There are many words in the Spanish language, but there are some that are used A LOT more than others, here is a list of the main ones:
¡Hola tío! ¿Qué tal tía? ¿Qué pasa tía?
Hey mate! You alright girl? What’s up sweetie?
If you want to sound like a Spanish person, you need to call all of your friends and family tío or tía. Normally this word means Uncle or Auntie, but in Spain everyone is your tío!
Buenas derives from Buenos días (good day) and bueno (good) and people in Spain use it to mean ‘Hello’. It’s a bit more casual and informal than Hola, so you can use it with your friends, but if you’re having a job interview it’s probably best not to go in and say Buenas hombre!
Bueno, ¡claro! Claro que sí. Claro, claro.
Claro is a word of affirmation, used to mean sure or of course. Out of the many ways they have to say of course, Claro seems to be their favourite.
Hola guapa. Gracias guapo.
Hey babe! Thanks honey!
Literally, guapo/a means handsome or beautiful. In England we would be: Oh, I can’t call random people beautiful! It’s not used for random people, only friends, family or people you know well.
Ah, vale vale.
Vale. Vale is an interesting word, it means much more than just ok. In Spain, you use it to accept a proposal (let’s go for some tapas – ¡Vale!) or to say I hadn’t realised that before, I understand what you’re saying/where you’re coming from (Ahh.. vale, vale).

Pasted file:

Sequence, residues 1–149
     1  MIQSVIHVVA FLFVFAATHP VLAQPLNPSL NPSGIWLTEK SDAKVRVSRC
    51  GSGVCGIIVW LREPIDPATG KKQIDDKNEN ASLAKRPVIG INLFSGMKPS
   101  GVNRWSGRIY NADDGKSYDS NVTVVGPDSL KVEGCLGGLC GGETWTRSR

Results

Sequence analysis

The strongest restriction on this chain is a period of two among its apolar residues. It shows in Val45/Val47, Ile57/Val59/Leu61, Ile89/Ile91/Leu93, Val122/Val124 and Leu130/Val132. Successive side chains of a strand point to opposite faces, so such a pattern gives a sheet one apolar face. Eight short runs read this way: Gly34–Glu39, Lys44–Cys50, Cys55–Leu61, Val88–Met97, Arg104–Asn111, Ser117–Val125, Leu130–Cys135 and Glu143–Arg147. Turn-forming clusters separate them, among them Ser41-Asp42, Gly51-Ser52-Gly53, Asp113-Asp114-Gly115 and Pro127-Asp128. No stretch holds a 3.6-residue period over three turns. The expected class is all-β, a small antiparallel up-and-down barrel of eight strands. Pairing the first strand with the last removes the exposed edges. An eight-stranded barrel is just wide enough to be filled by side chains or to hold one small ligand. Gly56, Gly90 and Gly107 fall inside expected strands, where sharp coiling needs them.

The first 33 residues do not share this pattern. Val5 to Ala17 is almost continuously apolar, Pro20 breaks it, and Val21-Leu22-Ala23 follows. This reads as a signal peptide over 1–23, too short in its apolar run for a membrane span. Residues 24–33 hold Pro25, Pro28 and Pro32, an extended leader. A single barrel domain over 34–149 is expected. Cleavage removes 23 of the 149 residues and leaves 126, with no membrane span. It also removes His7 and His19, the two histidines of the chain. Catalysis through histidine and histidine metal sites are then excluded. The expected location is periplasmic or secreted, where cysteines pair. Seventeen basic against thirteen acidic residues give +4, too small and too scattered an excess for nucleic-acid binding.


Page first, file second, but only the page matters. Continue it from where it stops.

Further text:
Oy, ¡hombre! ¡Hombre!
Oh man! Man!
This is always used as an exclamation, ¡Hombre! It can be used to show amazement or disbelief, but also frustration. You can also use it when you haven’t seen someone for a while: ¡Hombre! ¡Cuánto tiempo!
A ver, Ana… A ver, ¿qué tenemos aquí?
Right Ana… Right, now what do we have here?
To be perfectly honest, I don’t really think this means a lot. It’s proper meaning is let’s see, but in Spain they just seem to use it as a way to start talking. It also seems to be a bit of a filler, so they can have more time to think before they speak.
There are two main ways to ask how someone is in Spanish:
Despite this, nobody ever seems to use ¿Cómo estás?, people only ever say ¿Qué tal? I think this is probably because ¿Qué tal? is a bit more casual and informal and it’s also shorter to say. You can use it with trips, plans, experiences, etc. as well: ¿Qué tal la película anoche? ¿Qué tal el finde?
¡Oy! ¡Oy hombre, ¿qué pasa? ¡Oy, mi pie! ¡Oyyyyy!
Oi! Hey mate, what’s up? Ow, my foot! Ahrrr!
This is another exclamation, which is very widely used. It can be used to get people’s attention on its own as ¡Oy! or together as ¡Oy hombre, ¿qué pasa? It can also be used when you are in pain: ¡Oy, mi pie! Or when you’re anxious/ stressed about something: ¡Oyyyyy!
¡Oye quillo! ¡Hola illo, ¿qué pasa?
Hey mate! You alright kiddo!
In Cadiz they say quillo and in Seville it’s illo. This word comes from the words chico and chiquillo (they both mean kid) and Spanish people (especially those from the South) use it a lot in everyday conversations with friends.